Records of Buddhist Masters: Master Xuanzang (3)

Speaker: Ven. Zhi Tong

Fo Guang Shan Institute of Humanistic Buddhism

I. Introduction

Auspicious greetings! Welcome to the third episode of the biography of Master Xuanzang. Last week, we traveled along with Master Xuanzang through the desert, snowy mountains, and tropical rainforests. This week, we learn how Master Xuanzang met the most important teacher in his life, and also his journey home with scrolls and scrolls of Buddhist texts, ready to be translated.

II. Study in Nalanda

 In the many years Master Xuanzang spent in India, he travelled to all the sacred Buddhist sites, including:

  • Lumbini, where the Buddha was born, 
  • Bodh Gaya, where the Buddha attained enlightenment,
  • Sarnath, where the Buddha taught the first teaching, 
  • And Kushinagar, where the Buddha passed into parinirvana.

Besides paying respect in these sacred sites, Master Xuanzang learned from many Buddhist masters that he met on the way. Sometimes, he would stay with the teachers for a few months, sometimes even up to a few years, to study deeply on the Buddhist concepts he had not learned in China. But it was in Nalanda, the great Buddhist monastery, that Master Xuanzang met the most important teacher in his life.

At this point, Master Xuanzang was about thirty-five years old, and had been travelling for eight years. When he was travelling in Bodh Gaya, the place where the Buddha attained enlightenment, monks from the Nalanda Monastery came to welcome him to the great monastery. When they arrived, hundreds of monks and thousands of lay disciples stood on the sides of the road leading to the monastery, holding banners, canopies, flowers, and incense as they welcomed Master Xuanzang. They led Master Xuanzang to meet with the most respected Dharma teacher in the Buddhist community, Master Silabhadra. 

When Master Xuanzang saw the old and frail sage, over a hundred years old, he went down on his knees and elbows, kissed the teacher’s feet, and paid homage to the teacher. Master Xuanzang took Master Silabhadra as his personal teacher, the person whom he had been looking for in his travels.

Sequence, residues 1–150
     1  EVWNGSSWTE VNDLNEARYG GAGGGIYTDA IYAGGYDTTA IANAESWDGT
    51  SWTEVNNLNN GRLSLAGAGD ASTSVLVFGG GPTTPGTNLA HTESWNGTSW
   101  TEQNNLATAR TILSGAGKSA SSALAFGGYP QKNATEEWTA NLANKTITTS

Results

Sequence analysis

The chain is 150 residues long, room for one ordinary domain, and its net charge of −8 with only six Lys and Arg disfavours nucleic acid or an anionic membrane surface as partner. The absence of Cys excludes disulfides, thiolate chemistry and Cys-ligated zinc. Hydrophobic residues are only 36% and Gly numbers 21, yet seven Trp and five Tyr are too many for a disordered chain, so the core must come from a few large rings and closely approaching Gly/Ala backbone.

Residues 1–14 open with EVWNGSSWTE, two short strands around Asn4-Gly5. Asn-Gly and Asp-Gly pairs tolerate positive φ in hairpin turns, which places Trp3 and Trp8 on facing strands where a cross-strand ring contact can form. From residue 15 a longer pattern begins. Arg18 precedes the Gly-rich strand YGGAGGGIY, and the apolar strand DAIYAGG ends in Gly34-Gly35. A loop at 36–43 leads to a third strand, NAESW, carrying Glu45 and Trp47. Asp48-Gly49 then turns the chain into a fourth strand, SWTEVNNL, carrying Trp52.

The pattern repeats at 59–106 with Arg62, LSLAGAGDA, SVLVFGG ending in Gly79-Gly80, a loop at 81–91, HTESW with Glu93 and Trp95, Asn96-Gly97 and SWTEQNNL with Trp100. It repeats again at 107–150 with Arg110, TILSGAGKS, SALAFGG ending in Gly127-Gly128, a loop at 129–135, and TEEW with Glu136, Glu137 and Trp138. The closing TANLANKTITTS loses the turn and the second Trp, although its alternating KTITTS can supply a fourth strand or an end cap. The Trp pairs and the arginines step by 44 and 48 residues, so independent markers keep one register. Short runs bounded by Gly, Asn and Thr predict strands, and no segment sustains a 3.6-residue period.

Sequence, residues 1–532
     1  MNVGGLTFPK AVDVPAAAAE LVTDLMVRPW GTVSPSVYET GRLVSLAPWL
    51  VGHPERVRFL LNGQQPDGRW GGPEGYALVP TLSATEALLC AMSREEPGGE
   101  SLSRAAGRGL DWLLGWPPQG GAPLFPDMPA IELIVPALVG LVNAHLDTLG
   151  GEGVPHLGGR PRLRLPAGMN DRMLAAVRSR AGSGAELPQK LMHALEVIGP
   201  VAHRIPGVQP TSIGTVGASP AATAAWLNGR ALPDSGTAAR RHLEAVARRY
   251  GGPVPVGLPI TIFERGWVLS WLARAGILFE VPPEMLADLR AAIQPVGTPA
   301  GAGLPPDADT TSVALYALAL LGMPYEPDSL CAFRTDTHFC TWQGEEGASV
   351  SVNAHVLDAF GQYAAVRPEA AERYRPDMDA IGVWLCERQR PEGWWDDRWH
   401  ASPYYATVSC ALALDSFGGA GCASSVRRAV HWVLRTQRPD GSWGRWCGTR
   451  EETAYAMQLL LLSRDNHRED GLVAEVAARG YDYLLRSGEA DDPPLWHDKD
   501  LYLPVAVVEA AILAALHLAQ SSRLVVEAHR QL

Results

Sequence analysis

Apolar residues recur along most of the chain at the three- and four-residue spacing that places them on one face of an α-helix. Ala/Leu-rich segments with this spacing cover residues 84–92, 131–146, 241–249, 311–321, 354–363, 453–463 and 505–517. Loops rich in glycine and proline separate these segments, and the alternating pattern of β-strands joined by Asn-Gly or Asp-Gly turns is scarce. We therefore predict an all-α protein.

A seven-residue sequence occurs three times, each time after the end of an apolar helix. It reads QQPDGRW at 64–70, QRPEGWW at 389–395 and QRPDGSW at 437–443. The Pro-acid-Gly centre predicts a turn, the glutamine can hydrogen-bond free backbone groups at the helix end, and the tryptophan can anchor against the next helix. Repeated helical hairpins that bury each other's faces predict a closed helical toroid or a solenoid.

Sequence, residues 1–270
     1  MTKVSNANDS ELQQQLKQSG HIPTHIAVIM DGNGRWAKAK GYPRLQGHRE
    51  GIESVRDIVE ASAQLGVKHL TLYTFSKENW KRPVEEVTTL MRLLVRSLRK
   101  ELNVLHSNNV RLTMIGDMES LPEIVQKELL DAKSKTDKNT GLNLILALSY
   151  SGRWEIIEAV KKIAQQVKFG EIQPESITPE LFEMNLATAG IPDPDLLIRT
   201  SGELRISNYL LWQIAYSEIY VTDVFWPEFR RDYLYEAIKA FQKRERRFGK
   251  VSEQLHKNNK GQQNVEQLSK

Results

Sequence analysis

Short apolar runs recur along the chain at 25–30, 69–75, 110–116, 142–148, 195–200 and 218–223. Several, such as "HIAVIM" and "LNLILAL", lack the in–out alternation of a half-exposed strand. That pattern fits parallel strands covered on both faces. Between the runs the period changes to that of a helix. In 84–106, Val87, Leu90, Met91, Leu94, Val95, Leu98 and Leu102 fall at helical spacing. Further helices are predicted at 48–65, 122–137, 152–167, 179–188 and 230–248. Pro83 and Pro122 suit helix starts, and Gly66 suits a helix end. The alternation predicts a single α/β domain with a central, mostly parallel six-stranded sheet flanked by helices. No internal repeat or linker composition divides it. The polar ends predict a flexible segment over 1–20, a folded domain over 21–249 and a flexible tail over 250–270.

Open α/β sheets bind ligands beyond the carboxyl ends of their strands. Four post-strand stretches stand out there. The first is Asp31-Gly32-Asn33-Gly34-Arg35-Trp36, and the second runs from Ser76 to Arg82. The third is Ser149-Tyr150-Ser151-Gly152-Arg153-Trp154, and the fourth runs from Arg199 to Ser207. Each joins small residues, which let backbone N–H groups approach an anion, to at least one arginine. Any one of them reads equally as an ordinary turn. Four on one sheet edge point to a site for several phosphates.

Similarly, Master Silabhadra was waiting for Master Xuanzang. Twenty years ago, Master Silabhadra suffered from gout. Whenever the illness attacked him, his hands and feet were convulsed as painfully as if  they were burned by fire or pricked by a knife. Three years ago, he was in such unbearable pain that he wanted to end his life by starvation. However, one night, he had a dream where three bodhisattvas told him that his pain was caused by his past unwholesome deeds, and his body would gradually heal. The bodhisattva also prophesied that a Chinese monk would come to study under him, and told him to wait for the monk’s arrival.

Master Xuanzang was extremely moved by this account. He prostrated again and said to Master Silabhadra, “If it is just as you have said, I shall study with the utmost effort. May the teacher be compassionate and accept me as your pupil.”

Master Xuanzang began his learning in the great Nalanda Monastery. He recorded that there were ten thousand monks living in the monastery, not only learning on Buddhist teachings but also other subjects such as logic, grammar, and medicine. Those who had mastered the most texts were highly respected by the community, and those who did not studied diligently without wasting any time. Master Xuanzang learned the Yogacarabhumi Sastra from Master Silabhadra, along with many other important Buddhist commentaries from different schools. He also studied the Sanskrit language, which laid the foundation of him as a great translator. After a few years of study, Master Silabhadra asked Master Xuanzang to teach the Nalanda community, a sign that he was convinced of Master Xuanzang’s mastery.

III. A Debate to Fame

When Master Xuanzang was about 41 years old, he had left his country for fourteen years. He had criss-crossed India five times, travelling to all the sacred places, and learned from all the great Buddhist masters. He had debated against other Buddhist schools as well as representatives of other religions, gaining an honorable reputation throughout India. He knew, deep in his heart, that it was time to return home.

The monastic community in Nalanda pleaded with him to change his mind. They even took him to Master Silabhadra, hoping that the wise old sage could change Master Xuanzang’s mind.

Master Silabhadra asked Master Xuanzang, “What is your final decision?”

Master Xuanzang answered, “My intention in coming here was to acquire the Great Dharma in order to benefit all living beings. Since my arrival at this place, I had the honor to attend your lectures and have my doubts resolved. I have worshipped the holy sites and studied the very profound teachings of various schools. I am glad in my heart that my journey has not been fruitless. I wish to return home to translate into Chinese the texts I have learned here, so that those who have the good opportunity may also learn them as I did. In this way I may repay the kindness of my teachers. That is why I have no leisure to linger here any longer.”